Google last week during its I/O event described security tweaks that are part of its upcoming Android O operating system, which is expected to be released later this year.
New features are Project Treble and a new permission standard around the feature called Instant App. Also to be introduced with Android O are important hardening of existing security features tied to core Android components such as System Alerts, device permissions and verified boot, said mobile security experts. Google also announced a makeover of its security platform it now calls Google Play Protect.
Google’s security focus with Android O are important and will go a long way toward improving security and privacy in the platform, said Andrew Blaich, security researcher at Lookout.
“In Android O there are going to be some big changes that will affect app developers directly and also that end-users and device manufacturers will benefit from by proxy,” Blaich said.
Despite years of work to bolster Android security, Google’s efforts have been stymied by the nagging problem of fragmentation. With Android O, Blaich said, Google addresses those loudest security critics.
Project Treble is Google’s most ambitious security addition to Android O. It changes how third-party hardware developers will write code for Android O. The goal is to streamline the often maligned Android patching process.
Project Treble separates the hardware-specific drivers and firmware used by companies such as Samsung or Qualcomm from the Android operating system. The implications will be significant when it comes Google’s ability roll out OS patches without having to wait for things such as chipset compatibility. Google said by creating this modular base for Android, it will be able to support updates moving forward on older hardware that OEM partners may no longer support.
“With Project Treble, we are putting the Android OS framework and vender-specific implementations into different processes that communicate with each other using a standard vendor interface. The vendor interface will be maintained from version to version which means the new Android OS framework will run with minimal changes on top of an older device,” said Xiaowen Xin, product manager at Google, during a session at Google I/O on Android security.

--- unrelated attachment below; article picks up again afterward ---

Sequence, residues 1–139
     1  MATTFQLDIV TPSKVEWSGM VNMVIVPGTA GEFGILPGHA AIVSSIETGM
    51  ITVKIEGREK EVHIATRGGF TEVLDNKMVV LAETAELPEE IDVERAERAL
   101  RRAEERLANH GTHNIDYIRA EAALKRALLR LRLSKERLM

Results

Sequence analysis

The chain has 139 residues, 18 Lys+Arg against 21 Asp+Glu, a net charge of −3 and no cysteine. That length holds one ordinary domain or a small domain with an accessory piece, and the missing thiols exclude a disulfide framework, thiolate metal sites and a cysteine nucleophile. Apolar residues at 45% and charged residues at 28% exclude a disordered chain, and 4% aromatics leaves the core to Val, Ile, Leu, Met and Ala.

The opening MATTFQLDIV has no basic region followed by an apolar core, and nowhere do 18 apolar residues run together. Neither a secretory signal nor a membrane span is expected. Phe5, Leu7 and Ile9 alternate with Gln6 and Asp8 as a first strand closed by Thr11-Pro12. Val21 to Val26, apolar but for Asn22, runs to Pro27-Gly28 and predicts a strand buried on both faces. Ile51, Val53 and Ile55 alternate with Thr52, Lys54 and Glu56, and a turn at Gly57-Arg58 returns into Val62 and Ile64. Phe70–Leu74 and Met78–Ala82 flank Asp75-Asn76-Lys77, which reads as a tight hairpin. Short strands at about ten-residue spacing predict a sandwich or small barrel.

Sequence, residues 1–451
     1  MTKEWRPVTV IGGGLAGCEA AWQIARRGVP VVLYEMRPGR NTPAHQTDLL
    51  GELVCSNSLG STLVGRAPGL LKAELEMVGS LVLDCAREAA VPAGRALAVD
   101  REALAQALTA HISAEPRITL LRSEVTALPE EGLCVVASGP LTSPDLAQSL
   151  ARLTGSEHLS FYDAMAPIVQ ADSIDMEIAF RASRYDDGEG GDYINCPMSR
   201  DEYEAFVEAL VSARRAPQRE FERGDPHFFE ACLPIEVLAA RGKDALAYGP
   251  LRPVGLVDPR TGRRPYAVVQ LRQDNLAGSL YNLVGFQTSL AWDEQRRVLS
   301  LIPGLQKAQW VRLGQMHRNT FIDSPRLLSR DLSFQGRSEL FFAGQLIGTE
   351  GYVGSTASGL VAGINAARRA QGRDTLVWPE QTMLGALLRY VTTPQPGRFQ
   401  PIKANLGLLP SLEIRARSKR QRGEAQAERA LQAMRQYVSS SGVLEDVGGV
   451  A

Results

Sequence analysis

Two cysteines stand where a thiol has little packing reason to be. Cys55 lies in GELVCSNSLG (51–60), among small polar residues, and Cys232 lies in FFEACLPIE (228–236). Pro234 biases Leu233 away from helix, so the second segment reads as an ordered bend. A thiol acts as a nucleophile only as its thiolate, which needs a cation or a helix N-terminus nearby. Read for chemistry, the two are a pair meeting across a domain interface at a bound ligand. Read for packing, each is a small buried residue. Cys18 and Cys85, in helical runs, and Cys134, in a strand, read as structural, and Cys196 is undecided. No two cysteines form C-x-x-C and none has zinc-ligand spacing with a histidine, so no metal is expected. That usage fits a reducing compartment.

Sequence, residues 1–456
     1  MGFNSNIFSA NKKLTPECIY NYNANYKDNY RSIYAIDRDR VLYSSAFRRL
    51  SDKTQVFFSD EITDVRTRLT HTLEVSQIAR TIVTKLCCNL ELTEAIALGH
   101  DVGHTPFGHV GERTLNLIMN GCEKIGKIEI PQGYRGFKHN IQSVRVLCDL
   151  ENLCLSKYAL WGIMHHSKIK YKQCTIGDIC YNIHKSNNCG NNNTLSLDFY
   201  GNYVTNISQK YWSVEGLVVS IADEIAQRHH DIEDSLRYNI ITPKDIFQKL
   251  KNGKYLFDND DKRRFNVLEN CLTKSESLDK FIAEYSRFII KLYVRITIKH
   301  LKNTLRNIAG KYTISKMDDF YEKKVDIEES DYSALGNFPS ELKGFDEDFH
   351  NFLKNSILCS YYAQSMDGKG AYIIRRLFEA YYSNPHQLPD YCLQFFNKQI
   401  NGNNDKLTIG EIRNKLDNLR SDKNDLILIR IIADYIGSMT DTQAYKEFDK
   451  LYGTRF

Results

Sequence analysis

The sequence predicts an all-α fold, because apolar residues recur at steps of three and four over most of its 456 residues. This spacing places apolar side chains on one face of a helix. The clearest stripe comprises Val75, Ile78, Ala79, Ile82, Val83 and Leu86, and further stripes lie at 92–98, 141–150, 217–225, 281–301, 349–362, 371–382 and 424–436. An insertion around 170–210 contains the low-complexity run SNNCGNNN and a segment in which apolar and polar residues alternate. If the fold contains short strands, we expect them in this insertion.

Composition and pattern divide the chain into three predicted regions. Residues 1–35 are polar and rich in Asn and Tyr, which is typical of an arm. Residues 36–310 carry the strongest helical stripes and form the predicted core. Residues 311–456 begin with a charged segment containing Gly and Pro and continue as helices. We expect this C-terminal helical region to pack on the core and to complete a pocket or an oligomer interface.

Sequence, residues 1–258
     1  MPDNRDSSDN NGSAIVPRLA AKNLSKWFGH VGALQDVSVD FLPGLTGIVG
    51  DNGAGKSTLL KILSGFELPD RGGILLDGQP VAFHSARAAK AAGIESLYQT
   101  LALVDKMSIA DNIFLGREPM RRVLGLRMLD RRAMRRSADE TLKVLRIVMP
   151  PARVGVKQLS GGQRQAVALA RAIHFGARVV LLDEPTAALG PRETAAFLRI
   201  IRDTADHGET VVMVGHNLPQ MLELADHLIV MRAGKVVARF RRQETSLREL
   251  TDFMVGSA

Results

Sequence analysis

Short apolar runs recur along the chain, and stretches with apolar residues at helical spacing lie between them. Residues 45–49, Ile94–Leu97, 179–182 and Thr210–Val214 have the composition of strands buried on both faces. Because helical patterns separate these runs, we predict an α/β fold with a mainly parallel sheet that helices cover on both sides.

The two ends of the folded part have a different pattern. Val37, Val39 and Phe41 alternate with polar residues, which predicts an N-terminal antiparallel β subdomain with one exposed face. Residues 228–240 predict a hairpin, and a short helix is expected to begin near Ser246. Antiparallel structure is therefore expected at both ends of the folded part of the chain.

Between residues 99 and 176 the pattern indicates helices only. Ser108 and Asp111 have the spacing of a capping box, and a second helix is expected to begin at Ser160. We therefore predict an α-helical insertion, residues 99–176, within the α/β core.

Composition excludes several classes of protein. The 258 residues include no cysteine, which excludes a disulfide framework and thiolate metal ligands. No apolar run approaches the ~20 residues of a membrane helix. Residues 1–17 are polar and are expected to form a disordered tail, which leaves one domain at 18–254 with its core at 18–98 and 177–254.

“So now we can put the Android framework pieces into tighter sandboxes, reducing the attack surface and making it harder to exploit vulnerabilities against the kernel,” Xin said.
Instant App is a feature introduced last year, but only recently opened up to all developers. Instant App, according to Google, allows Android users to run a developer’s app instantly, without installation. Instant App allows a app makers to create light or mini applications that can integrate with Android launcher. Apps can be initially run just by clicking on a URL and can be saved to the Android home screen. Part of the Instant App runs locally and another portion in the cloud.
“Instant Apps have a potential to greatly improve user experience as well as increase an apps user engagement and conversion numbers. On the other hand, opening up arbitrary URLs with Instant Apps also comes with associated security and privacy risks,” Xin said.
To reduce risk, Google is unveiling an updated permissions model for Android O. For example Instant Apps take a stronger stance on privacy (requiring HTTPS), removed access to persistent device identifiers and will limit permissions to sensitive OS components such as Contacts.
As part of Android O, Google said it will also beef-up security on its System Alert window functionality. The System Alert feature allows developers to create apps that can pop-up or display windows on top of all other Android apps running on a handset. This feature has been abused by malicious developers who create what users think are a persistent window on their Android device. Victims are asked to pay a ransom to make the window go away. In Android O, System Alert overlays will include visual notifications that can be clicked on to remove the overlay, Xin said.
“The fix proposed by Google should solve the current problem,” said Daniel Padon, mobile threat researcher with Check Point Software Technologies. “However, due to Android’s extremely low patch rate, most users will stay vulnerable to this type of attacks. Moreover, we have little doubt that malware writers will be able to find new ways to achieve their malicious goals.”
Check Point originally found and reported the System Alert flaw to Google two weeks ago.
Google will also expand its use of verified boot that will now prevent users from booting to older more vulnerable versions of the OS. It will also add support in the OS for EMV-like chips found in credit cards. Chip support will allow OEMs to build in user PIN authentication functionality for the device and services.
Android O is expected to formally debut in the third quarter; an alpha version was released in March.
“It will definitely take some time for the transition to Android O to occur, as evident by past adoption of newer Android versions, but over time the ecosystem will update and be more secure for it,” Blaich said.